Is it really a Safer Bet to be a Believer rather than an Atheist ?
By Avijit Roy
Pic: Blaise Pascal (1623-1662)
One of my Mukto-Mona members forwarded a letter to my personal account yesterday stating the following lines :
"Recently, the writer of a famous Bengali movie “Shabuz-Shathi” asked me a question, which as follows, “There is a 50% chance that there exists a God. Is it not? Our propensity is to go for the “good” when we are given a chance of 50%, and in every case we do go for the “good”; but why in the case of God some of us go for the “bad”?” That was basically the main question he asked me;..."
The author of the above letter requested me to respond to the topic from a rational point of view. Though, I remember that I have already addressed the issue about four years ago while debating in other e-forum, and I also remember, Aparthib shed some light on the same topic at that time in the corresponding thread, still such arguments demand "Immediate attention" time to time.
The statement comes from a believer mind is typically as follows----
Ok, there is a 50-50 chance for existence of God. If God does not exist then we will not face any problem after death. But if God exists you atheist people will go to hell. So safe and most rational choice is believing, isn't it?
Arguments generally float in myriad Bangladeshi-e-forums in above mentioned style is called "Pascal's Wager" (or Pascal's Gambit). Blaise Pascal (June 19, 1623 – August 19, 1662) was the seventeenth-century French mathematician and physicist, who once formulated this pragmatic argument in philosophy. Pascal, inspired by profound religious belief, constructed the argument aiming especially at such persons who were not convinced by traditional arguments for the existence of God. This Pascal's wager having been debunked centuries ago by the Skeptics and Rationalists, it, however still serves good incentive among some faithful minds. "Pascal's gamble", in a nutshell, says that to believe in God is the best bet because if God exists, you'll go to heaven and avoid hell. If you don't believe in God, you might lose all this. If God does not exist, you'll have nothing to lose. So it's better to believe in God than not to. In Pascal's word :
"If you believe in God and turn out to be incorrect, you have lost nothing -- but if you don't believe in God and turn out to be incorrect, you will go to hell. Therefore it is foolish to be an atheist."
The flaws in this argument are legion - it is actually a rather poor piece of reasoning and not at all appropriate for a thinker of Pascal's standing who is arguably considered as the father of modern probability theory.
Which religion is "True Religion"?
The first problem lies in defining "True Religion" and "True God" which Pascals' implicit yet unstated assumption votes for Roman Catholicism. It is interesting to note the fact that he used it as an argument for being a part of the Catholic doctrine, but it is nevertheless used so often today by Protestants, Islamists, Buddhists, Hindus-all, without recognizing the inherent fallacy of the argument. The argument itself does not explain which religion a person should follow. This can be described as the "avoiding the wrong hell" dilemma. If you happen to follow the right religion, you may indeed "...go to heaven and avoid hell." However, if you choose the wrong religion, you will by no means be able to avoid hell.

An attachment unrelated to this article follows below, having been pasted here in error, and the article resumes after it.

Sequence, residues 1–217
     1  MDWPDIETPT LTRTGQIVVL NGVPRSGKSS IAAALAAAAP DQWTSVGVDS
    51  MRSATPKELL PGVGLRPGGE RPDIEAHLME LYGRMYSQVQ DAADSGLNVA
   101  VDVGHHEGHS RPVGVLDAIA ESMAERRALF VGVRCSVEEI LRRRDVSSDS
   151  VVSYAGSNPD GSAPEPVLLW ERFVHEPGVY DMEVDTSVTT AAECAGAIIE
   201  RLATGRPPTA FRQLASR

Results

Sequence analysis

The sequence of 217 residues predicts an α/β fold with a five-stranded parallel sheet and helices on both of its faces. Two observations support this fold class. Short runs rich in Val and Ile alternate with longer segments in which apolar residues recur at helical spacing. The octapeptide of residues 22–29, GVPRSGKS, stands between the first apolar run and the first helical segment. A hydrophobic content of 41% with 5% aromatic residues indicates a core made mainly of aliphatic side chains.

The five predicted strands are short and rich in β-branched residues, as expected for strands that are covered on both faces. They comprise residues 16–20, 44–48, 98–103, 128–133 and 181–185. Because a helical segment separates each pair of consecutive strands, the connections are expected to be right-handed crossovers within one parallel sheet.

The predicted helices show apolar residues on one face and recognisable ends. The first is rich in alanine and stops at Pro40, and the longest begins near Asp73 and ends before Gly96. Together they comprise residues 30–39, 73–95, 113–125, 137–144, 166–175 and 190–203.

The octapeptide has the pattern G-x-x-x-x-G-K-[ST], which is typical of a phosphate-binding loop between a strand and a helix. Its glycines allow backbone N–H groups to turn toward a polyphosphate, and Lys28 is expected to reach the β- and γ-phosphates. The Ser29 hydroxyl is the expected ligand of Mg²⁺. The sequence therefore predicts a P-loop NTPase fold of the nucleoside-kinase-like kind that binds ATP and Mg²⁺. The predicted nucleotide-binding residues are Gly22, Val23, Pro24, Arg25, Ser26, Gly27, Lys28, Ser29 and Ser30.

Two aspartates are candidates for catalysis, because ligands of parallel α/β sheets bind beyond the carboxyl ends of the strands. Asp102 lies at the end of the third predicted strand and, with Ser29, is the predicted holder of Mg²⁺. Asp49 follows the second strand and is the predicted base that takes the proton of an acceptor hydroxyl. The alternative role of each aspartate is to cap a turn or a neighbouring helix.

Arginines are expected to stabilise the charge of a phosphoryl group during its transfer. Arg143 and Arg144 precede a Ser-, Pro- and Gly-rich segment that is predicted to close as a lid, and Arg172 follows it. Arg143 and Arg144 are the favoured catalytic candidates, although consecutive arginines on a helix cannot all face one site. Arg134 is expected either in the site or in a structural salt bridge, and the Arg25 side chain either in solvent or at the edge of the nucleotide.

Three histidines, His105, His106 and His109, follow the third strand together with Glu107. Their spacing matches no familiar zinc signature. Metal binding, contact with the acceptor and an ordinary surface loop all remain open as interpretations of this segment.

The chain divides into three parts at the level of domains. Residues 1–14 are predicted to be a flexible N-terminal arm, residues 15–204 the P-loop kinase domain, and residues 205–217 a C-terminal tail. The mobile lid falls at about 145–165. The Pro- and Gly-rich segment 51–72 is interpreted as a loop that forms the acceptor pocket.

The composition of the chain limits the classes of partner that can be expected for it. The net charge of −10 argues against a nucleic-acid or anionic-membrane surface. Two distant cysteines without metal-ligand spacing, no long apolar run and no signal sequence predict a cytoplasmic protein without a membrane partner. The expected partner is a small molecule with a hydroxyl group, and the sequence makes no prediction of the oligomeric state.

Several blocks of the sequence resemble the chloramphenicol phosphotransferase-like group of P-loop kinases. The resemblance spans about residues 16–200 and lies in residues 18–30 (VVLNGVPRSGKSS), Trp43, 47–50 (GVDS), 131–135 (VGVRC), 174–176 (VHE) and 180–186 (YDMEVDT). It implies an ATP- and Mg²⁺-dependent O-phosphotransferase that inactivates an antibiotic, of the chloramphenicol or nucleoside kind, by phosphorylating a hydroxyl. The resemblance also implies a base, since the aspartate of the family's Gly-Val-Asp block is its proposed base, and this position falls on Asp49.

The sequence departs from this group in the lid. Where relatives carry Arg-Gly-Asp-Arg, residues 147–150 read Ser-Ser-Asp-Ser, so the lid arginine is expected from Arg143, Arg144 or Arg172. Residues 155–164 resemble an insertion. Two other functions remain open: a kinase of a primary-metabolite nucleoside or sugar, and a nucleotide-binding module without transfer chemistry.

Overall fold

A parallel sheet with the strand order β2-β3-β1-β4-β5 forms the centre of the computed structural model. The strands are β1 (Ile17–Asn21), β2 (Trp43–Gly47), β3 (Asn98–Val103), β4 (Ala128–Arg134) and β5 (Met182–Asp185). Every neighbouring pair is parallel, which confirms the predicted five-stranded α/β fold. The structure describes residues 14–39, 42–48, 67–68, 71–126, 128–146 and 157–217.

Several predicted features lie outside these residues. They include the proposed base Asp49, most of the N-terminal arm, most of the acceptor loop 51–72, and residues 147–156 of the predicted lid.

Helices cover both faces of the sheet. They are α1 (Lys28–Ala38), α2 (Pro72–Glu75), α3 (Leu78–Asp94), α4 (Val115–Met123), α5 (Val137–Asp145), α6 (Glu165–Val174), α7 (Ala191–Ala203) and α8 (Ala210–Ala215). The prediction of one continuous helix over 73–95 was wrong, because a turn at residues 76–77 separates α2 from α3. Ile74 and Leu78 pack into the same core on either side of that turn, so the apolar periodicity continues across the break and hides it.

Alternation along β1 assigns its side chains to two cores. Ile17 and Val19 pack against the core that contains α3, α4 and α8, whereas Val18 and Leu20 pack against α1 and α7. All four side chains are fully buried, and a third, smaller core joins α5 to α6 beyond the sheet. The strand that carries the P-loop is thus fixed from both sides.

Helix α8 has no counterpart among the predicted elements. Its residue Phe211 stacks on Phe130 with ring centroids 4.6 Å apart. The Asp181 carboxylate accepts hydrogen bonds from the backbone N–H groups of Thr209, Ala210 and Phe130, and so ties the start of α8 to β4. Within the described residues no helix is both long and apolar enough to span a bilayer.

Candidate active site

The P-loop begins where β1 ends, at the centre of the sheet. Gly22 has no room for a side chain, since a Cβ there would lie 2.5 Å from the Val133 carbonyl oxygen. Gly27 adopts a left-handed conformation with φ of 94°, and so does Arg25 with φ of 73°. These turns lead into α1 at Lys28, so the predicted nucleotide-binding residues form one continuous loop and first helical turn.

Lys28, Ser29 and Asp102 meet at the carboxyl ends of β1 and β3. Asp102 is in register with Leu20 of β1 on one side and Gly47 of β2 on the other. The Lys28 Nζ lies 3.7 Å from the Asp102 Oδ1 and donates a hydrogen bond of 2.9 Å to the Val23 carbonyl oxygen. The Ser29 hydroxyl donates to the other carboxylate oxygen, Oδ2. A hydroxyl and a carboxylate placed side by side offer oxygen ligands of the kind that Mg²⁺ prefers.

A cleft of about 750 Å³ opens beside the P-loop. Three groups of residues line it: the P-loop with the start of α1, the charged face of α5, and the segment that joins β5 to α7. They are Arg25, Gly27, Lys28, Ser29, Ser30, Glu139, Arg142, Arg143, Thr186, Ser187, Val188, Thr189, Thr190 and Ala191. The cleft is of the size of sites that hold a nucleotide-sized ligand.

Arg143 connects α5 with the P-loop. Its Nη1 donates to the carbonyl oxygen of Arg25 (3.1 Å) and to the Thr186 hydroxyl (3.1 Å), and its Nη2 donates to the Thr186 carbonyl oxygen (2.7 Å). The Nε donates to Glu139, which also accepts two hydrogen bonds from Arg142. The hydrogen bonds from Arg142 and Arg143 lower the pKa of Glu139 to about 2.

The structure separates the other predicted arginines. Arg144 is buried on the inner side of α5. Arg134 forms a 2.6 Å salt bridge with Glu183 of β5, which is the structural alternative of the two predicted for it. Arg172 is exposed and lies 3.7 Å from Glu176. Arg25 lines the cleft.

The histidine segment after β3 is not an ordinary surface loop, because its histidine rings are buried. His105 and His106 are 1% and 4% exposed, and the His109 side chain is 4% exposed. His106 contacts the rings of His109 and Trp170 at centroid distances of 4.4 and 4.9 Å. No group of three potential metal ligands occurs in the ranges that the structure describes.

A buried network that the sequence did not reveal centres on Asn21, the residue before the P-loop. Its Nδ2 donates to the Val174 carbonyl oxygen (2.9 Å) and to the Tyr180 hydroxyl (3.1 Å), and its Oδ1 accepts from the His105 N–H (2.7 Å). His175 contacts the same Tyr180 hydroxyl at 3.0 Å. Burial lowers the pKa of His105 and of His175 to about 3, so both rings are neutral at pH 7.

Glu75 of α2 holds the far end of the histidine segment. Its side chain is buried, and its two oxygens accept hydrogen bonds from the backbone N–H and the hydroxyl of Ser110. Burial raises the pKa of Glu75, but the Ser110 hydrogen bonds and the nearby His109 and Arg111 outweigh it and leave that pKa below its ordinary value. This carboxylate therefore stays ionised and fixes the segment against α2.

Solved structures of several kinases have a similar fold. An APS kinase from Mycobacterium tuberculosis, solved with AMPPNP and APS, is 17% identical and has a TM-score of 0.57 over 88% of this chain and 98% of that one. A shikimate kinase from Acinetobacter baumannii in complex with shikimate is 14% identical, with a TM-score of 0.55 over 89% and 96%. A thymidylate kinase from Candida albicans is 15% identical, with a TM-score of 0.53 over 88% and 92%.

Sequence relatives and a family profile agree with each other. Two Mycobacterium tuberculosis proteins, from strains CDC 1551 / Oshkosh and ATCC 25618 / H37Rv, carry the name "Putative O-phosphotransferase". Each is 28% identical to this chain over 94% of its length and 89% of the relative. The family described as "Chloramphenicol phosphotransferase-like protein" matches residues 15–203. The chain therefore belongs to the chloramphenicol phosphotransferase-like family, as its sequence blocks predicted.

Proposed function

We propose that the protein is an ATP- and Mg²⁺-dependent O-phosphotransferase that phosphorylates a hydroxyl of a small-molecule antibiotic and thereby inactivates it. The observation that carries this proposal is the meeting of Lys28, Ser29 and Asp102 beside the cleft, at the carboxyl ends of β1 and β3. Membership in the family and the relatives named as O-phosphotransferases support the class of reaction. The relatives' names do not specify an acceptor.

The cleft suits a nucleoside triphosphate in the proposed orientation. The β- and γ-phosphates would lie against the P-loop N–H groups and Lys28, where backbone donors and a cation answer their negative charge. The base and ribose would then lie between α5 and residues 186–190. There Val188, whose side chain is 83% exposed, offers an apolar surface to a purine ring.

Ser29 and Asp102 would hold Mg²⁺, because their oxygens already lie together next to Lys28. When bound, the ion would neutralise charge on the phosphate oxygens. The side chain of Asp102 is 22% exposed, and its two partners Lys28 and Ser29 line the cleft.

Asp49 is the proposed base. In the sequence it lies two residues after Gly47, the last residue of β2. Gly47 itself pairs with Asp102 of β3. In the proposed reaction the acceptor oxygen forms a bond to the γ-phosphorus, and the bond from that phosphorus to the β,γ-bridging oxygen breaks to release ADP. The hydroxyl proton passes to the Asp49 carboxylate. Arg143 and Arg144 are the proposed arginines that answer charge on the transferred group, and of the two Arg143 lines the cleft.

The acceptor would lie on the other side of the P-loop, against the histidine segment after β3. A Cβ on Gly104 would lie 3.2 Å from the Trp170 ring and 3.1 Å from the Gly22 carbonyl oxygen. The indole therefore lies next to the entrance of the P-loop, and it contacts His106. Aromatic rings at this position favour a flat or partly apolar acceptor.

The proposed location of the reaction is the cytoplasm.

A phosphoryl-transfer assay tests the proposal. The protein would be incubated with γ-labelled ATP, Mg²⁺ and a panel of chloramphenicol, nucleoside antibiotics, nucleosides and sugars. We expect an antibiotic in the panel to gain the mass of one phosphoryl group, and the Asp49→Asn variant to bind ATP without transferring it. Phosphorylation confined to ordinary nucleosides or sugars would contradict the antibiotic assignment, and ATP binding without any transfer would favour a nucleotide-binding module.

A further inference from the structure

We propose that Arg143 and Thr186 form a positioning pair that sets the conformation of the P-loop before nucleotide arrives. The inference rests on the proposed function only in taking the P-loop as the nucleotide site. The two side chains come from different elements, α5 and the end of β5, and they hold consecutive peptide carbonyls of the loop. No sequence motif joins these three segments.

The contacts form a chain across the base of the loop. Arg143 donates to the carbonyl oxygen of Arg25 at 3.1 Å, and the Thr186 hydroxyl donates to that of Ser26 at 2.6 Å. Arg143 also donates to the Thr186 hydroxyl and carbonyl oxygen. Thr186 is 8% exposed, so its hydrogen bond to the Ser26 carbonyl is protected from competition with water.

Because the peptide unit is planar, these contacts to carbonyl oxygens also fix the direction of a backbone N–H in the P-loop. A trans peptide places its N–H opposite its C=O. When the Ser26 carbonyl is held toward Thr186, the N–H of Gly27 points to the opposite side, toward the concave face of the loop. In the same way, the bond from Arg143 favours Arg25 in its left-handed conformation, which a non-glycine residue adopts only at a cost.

Unfortunately, most Believers are like Pascal and others simply assume that their own religion is the right one, so it never occurs to them that they could be avoiding the wrong hell. Pointing them from this angle sometimes makes them stop and think, but it has been experienced that they usually deny that the problem exists because they firmly believe that the "right God" is "obvious" for all to see. It should be clear from such statements that there are none as blind as those who won't see. There are hundreds of religion in the market all dogmatically claiming as the true candidate of God; never mind what self-contradictory, unscientific strange beliefs they hold. Many religions are offensive and totally antithetical to each other. For example, Islam says that Christ was a man, but Christianity says that he was a god. Christians generally believe in the Trinity of God the Father, Jesus the Son and the Holy Spirit. But if Christianity is wrong, and Islam is correct, then it is expected that Allah will punish all Christian believers with dreadful tortures. He clearly specified it in the following Sura in Quran :
YUSUFALI: If anyone desires a religion other than Islam (submission to Allah), never will it be accepted of him; and in the Hereafter He will be in the ranks of those who have lost (All spiritual good).
So if Allah is the true god, all the Christians and the people of other faith except Islam will go to hell not because of rejecting the God, but just for picking only a wrong God. Again, Muslims believe in the single, indivisible deity Allah, who is very different from the Christian concept of Holy Trinity. If Islam is wrong, and Christianity turns out to be a correct religion, then the Christian God will eventually torture all Muslims for eternity without any hope of mercy.